“When (Browns general manager) John (Dorsey) told me they were doing (the show), I was like, ‘You’ve got to be kidding me,’ ’’ said Haley, reached by phone at his family’s lake house in New York. “We’re trying to make a drastic change here and turn things around, and this is the wrong thing to happen. I told the Browns owner, ‘Jimmy (Haslam), this is a mistake. Don’t do it.’ The No. 1 thing in camp is getting the team ready to be able to compete.
“In that coaches meeting with (Jackson), what I said was authentic, because I wasn’t even thinking about the cameras. We were in a passionate and very important conversation. It was cut out, but I told him I know how the Steelers (Haley’s former team) are practicing, and that’s who we have to beat. Then they cut to Hue with his ‘Well, when you’re in this chair’’ and all that. The part he liked being able to say was, ‘Well, I’m the boss.’ It’s comical. I wake up in the middle of the night and I lay in bed and start running through it in my head again. I don’t think I’d do anything different. You just have to be you, but you have to get the guys ready to play and you try to be off camera as much as you can.’’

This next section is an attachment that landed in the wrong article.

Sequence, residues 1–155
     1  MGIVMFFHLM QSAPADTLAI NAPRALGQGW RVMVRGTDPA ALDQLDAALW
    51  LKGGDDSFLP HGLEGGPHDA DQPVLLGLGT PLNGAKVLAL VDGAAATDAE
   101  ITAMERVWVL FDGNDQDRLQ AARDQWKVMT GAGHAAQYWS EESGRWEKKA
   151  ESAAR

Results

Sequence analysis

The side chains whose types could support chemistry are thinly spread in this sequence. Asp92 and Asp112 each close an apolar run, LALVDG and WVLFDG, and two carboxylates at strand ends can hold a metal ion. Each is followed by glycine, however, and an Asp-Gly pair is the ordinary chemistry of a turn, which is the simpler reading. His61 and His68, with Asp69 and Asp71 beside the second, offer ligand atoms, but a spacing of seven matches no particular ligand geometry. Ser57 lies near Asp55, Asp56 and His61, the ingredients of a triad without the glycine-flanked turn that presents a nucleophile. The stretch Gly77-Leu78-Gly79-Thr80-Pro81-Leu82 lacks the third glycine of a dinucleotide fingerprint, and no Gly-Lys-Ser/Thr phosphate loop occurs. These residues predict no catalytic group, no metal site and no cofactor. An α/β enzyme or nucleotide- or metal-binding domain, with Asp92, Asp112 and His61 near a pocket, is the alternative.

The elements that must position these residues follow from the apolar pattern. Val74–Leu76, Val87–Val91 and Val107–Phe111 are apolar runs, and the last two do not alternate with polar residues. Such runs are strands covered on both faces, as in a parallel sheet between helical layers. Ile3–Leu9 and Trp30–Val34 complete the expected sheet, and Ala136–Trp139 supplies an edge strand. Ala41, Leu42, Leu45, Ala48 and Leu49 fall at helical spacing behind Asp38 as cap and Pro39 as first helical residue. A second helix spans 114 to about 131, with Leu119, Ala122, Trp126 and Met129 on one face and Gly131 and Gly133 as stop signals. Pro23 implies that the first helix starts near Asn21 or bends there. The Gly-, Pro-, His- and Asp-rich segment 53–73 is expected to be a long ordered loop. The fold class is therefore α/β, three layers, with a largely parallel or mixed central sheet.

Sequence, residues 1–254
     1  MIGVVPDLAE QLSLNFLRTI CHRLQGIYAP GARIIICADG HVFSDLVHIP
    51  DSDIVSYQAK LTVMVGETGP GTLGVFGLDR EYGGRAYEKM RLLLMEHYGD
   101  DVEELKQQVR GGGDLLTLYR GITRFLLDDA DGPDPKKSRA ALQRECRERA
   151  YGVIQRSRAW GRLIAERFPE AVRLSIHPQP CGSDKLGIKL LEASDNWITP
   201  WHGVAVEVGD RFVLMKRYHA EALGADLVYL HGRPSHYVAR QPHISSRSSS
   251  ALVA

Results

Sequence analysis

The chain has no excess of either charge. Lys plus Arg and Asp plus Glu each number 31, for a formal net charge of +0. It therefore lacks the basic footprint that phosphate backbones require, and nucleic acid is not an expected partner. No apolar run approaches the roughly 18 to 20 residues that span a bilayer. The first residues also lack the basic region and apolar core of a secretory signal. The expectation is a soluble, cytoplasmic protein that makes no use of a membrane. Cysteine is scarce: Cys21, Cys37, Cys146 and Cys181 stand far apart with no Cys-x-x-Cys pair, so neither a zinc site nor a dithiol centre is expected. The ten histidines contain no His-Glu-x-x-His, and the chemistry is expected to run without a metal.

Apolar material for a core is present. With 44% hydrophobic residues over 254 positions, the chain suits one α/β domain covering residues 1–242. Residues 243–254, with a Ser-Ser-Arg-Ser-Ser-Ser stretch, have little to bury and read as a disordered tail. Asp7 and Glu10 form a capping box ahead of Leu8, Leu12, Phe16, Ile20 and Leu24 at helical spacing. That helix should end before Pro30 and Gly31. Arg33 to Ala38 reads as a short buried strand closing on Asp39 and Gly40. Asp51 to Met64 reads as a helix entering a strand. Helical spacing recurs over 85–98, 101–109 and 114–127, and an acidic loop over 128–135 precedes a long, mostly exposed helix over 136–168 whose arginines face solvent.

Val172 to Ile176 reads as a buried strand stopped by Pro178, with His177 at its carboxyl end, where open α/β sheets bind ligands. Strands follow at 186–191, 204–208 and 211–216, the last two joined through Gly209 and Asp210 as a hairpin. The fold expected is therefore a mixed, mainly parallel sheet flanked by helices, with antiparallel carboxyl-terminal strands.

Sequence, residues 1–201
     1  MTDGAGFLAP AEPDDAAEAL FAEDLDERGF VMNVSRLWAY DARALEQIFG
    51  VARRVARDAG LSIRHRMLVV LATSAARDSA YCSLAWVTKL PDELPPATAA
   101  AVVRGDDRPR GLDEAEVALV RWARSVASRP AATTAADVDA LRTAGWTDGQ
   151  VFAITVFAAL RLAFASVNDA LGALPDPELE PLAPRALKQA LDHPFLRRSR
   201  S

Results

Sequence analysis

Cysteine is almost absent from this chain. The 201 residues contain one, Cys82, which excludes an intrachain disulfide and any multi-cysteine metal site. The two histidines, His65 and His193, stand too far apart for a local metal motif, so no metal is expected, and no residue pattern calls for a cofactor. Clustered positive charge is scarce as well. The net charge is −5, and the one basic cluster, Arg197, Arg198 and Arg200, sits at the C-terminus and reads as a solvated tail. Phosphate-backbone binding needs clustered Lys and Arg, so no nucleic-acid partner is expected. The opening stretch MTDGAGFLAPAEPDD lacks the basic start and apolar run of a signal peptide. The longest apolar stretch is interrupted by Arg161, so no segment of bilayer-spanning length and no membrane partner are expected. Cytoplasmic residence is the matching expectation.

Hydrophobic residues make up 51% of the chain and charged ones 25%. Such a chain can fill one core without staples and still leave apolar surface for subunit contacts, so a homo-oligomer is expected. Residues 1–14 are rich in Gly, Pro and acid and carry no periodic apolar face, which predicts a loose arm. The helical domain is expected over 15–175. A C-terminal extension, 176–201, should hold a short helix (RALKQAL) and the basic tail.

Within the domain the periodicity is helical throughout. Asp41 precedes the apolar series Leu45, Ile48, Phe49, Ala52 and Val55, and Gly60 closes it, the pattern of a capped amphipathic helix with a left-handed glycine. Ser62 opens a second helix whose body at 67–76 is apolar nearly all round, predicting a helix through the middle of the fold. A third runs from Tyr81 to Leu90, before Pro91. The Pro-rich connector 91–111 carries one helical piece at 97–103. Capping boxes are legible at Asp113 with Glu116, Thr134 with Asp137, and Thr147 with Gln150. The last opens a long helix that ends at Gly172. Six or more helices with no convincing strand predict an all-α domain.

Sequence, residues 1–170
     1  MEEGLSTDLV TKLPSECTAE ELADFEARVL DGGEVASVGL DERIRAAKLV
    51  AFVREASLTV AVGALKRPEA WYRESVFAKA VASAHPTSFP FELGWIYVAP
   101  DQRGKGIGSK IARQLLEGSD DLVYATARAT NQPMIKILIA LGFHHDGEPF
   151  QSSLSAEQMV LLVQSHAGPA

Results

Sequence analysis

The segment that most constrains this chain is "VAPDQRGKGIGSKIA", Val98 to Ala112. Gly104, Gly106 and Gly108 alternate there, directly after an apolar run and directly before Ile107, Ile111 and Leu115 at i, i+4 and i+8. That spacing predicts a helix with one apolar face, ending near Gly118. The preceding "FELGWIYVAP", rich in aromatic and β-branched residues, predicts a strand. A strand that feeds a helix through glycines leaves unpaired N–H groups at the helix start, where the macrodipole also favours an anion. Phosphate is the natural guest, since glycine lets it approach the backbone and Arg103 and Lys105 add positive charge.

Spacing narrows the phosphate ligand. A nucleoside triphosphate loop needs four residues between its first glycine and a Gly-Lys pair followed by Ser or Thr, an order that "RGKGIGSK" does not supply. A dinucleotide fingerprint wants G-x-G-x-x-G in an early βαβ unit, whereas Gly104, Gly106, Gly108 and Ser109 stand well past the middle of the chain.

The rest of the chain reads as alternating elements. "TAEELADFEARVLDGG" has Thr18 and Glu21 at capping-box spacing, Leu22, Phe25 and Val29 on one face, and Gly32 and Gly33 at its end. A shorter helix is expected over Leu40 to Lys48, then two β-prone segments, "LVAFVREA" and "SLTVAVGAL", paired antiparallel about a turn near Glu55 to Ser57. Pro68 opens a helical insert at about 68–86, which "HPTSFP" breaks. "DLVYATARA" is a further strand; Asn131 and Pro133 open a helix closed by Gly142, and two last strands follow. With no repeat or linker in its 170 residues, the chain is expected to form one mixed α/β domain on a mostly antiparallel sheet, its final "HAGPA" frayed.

Haley says Jackson ‘reveled in it’
Jackson spent about an hour reviewing the finished episode every Tuesday morning with the “Hard Knocks” production crew, a courtesy “so you’re not surprised by anything they put out,’’ he said. But Haley contends it consumed lots of oxygen in Browns camp.
“He’d come up to me at practice and say, ‘Wait ’till you see ‘Hard Knocks,’ ’’ Haley said. “He was like, ‘Wait ’till you see what’s on this week.’ I was like, ‘What are you talking about? You’re spending time watching that instead of figuring out how to get the team to win?’ He reveled in it.’’